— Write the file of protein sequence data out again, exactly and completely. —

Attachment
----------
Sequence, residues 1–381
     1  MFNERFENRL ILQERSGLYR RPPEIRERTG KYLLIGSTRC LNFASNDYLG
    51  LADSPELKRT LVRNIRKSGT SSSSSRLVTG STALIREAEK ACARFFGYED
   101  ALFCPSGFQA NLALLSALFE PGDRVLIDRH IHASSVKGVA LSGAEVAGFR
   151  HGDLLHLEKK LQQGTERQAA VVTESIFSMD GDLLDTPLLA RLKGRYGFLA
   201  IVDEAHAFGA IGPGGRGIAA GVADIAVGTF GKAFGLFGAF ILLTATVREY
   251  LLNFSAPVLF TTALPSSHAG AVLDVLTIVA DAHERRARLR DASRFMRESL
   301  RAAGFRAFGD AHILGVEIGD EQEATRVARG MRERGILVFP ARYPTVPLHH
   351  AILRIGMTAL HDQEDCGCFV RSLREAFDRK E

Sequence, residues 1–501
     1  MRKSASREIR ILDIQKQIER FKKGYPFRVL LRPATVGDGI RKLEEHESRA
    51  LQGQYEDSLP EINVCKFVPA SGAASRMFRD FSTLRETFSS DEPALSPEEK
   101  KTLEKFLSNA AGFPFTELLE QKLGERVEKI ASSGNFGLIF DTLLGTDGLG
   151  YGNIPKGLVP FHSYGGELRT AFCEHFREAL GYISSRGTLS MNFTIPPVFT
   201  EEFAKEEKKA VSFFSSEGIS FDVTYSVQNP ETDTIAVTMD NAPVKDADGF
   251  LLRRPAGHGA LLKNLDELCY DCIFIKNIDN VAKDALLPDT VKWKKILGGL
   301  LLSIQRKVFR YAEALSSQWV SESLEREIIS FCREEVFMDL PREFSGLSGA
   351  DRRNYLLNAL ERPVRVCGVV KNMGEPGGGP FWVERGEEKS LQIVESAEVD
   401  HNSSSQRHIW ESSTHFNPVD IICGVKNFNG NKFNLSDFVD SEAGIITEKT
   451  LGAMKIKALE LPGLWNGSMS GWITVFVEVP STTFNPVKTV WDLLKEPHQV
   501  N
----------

Sequence, residues 1–381
     1  MFNERFENRL ILQERSGLYR RPPEIRERTG KYLLIGSTRC LNFASNDYLG
    51  LADSPELKRT LVRNIRKSGT SSSSSRLVTG STALIREAEK ACARFFGYED
   101  ALFCPSGFQA NLALLSALFE PGDRVLIDRH IHASSVKGVA LSGAEVAGFR
   151  HGDLLHLEKK LQQGTERQAA VVTESIFSMD GDLLDTPLLA RLKGRYGFLA
   201  IVDEAHAFGA IGPGGRGIAA GVADIAVGTF GKAFGLFGAF ILLTATVREY
   251  LLNFSAPVLF TTALPSSHAG AVLDVLTIVA DAHERRARLR DASRFMRESL
   301  RAAGFRAFGD AHILGVEIGD EQEATRVARG MRERGILVFP ARYPTVPLHH
   351  AILRIGMTAL HDQEDCGCFV RSLREAFDRK E

Sequence, residues 1–501
     1  MRKSASREIR ILDIQKQIER FKKGYPFRVL LRPATVGDGI RKLEEHESRA
    51  LQGQYEDSLP EINVCKFVPA SGAASRMFRD FSTLRETFSS DEPALSPEEK
   101  KTLEKFLSNA AGFPFTELLE QKLGERVEKI ASSGNFGLIF DTLLGTDGLG
   151  YGNIPKGLVP FHSYGGELRT AFCEHFREAL GYISSRGTLS MNFTIPPVFT
   201  EEFAKEEKKA VSFFSSEGIS FDVTYSVQNP ETDTIAVTMD NAPVKDADGF
   251  LLRRPAGHGA LLKNLDELCY DCIFIKNIDN VAKDALLPDT VKWKKILGGL
   301  LLSIQRKVFR YAEALSSQWV SESLEREIIS FCREEVFMDL PREFSGLSGA
   351  DRRNYLLNAL ERPVRVCGVV KNMGEPGGGP FWVERGEEKS LQIVESAEVD
   401  HNSSSQRHIW ESSTHFNPVD IICGVKNFNG NKFNLSDFVD SEAGIITEKT
   451  LGAMKIKALE LPGLWNGSMS GWITVFVEVP STTFNPVKTV WDLLKEPHQV
   501  N